Traditional Desert Food and Medicine with ethnobiologist Martha Burgess
February 8 @ 8:00 pm - 9:30 pm EST
DRBI is proud to host a presentation and discussion with renowned ethnobiologist Martha Burgess. By sharing her deep knowledge in traditional ethnobotany and nutrition Martha will open our eyes to the how desert cultures have lived sustainably for centuries within the desert environment.
Participants will leave with a new understanding of the culinary and healing plants that fill the desert, as well as how to both utilize and respect those gifts.
90 minute session on Saturday, February 8, 2022 starting: 8:00 PM Eastern _ 7:00 PM Central _ 6:00 PM Mountain _ 5:00 PM Pacific Time
This session is complimentary however a donation today helps DRBI continue to offer exceptional content to you. Thank you in advance. Please donate here. And note, donors still need to register for the course.
Presenter Biography: Martha Burgess Research Associate and Adjunct Professor, Tohono O’odham Community College.
Martha Burgess’ professional career has involved teaching others about traditional desert ethnobotany and nutrition, the desert environment— its plants, landscapes, animal relationships—and cultural ways people have lived traditionally and sustainably in the Sonoran Desert ecosystem.
She was mentored by Tohono O’odham elders in traditional wild-harvesting and cultivation of desert foods and medicines. Following the model she was given; she teaches as an adjunct professor at Tohono O’odham Community College courses related to Tohono O’odham ethnobotany. In addition she teaches seasonal classes and workshops in wild-food harvesting, gastronomy, and cookery for organizations such as Presidio Museum Tucson, Mission Garden, NativeSeedsSEARCH, and Pima County Parks and Recreation.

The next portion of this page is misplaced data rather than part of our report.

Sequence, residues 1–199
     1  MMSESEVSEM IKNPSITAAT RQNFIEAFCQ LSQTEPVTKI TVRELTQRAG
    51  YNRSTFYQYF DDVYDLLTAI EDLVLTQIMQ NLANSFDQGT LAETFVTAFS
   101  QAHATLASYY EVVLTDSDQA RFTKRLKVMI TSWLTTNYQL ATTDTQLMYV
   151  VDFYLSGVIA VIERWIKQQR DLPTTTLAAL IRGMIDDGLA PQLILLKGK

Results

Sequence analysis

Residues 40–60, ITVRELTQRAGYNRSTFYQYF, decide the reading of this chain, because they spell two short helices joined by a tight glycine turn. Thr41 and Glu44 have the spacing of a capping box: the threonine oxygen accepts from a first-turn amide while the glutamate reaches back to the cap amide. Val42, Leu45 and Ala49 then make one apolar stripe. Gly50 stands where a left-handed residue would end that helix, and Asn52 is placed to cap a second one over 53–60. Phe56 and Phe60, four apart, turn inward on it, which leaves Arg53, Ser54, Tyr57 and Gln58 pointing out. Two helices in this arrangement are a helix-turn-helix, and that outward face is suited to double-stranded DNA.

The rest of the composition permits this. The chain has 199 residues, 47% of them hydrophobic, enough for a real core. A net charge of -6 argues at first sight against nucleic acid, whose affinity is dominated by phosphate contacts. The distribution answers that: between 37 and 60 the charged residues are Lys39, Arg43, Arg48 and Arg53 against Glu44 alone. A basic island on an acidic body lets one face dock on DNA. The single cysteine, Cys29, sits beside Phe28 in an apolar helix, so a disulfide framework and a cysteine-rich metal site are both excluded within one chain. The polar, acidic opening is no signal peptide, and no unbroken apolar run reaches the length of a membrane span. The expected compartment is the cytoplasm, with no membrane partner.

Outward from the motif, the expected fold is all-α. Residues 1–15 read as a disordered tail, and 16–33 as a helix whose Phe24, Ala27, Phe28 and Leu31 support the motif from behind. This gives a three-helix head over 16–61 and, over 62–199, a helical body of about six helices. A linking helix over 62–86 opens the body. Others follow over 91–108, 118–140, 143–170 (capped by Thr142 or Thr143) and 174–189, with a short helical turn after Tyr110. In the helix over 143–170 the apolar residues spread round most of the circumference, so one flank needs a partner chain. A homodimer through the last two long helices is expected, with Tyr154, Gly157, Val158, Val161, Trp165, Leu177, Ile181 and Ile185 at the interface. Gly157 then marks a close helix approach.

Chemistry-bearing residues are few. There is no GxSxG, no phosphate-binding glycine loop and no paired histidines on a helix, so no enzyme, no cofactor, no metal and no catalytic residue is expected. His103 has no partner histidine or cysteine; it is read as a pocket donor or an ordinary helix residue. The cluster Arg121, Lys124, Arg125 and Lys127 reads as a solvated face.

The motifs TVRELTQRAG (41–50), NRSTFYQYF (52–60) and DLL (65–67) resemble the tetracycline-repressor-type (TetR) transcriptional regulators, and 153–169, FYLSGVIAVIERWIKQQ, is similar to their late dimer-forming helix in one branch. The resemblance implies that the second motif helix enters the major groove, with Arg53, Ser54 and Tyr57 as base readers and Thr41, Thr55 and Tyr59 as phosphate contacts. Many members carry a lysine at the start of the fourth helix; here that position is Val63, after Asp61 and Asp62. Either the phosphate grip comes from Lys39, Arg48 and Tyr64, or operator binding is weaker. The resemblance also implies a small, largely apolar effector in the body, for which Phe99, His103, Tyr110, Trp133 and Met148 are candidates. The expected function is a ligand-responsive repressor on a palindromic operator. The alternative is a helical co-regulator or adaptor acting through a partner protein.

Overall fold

For the Arizona-Sonora Desert Museum, Martha founded, coordinated and guided the members’ study tour program consisting of natural history hikes, Native foods workshops, and expeditions throughout Arizona, Sonora, Baja California, and the Sea of Cortez. Later, she served as Education Director for NativeSeedsSEARCH, running the Diabetes Outreach Program to O’odham schools, and founded outreach events such as La Fiesta de los Chiles and la Fiesta de San Juan to create public awareness of genetic diversity in our local foods.
With her business ‘Flor de Mayo’, Martha provides access to traditional foods, along with nutritional and horticultural information. For the past eight years she has volunteered as designer and consultant for time-period gardens at Friends of Tucson’s Birthplace Mission Garden. With an ability to express natural sciences in lay terms, she has also contributed to several publications such as ‘Edible Baja Arizona’, ‘Desert Plants’, ‘AZNPS The Plant Press’, and ‘ASDM sonorensis’.
As climate changes and water becomes ever more limiting, Martha’s vision is for the Sonoran Desert’s native plants to again become sustainable participants in regional food security.
Traditional Desert Food and Medicine